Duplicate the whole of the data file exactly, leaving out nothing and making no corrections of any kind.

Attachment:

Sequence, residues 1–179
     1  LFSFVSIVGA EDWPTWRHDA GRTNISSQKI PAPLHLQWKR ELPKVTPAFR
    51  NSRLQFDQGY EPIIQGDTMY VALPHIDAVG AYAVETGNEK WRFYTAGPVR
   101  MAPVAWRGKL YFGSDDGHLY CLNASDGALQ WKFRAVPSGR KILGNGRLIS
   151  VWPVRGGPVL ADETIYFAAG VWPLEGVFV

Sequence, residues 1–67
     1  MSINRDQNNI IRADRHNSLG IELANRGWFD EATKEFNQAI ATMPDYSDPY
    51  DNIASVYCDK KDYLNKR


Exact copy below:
Sequence, residues 1–179
     1  LFSFVSIVGA EDWPTWRHDA GRTNISSQKI PAPLHLQWKR ELPKVTPAFR
    51  NSRLQFDQGY EPIIQGDTMY VALPHIDAVG AYAVETGNEK WRFYTAGPVR
   101  MAPVAWRGKL YFGSDDGHLY CLNASDGALQ WKFRAVPSGR KILGNGRLIS
   151  VWPVRGGPVL ADETIYFAAG VWPLEGVFV

Sequence, residues 1–67
     1  MSINRDQNNI IRADRHNSLG IELANRGWFD EATKEFNQAI ATMPDYSDPY
    51  DNIASVYCDK KDYLNKR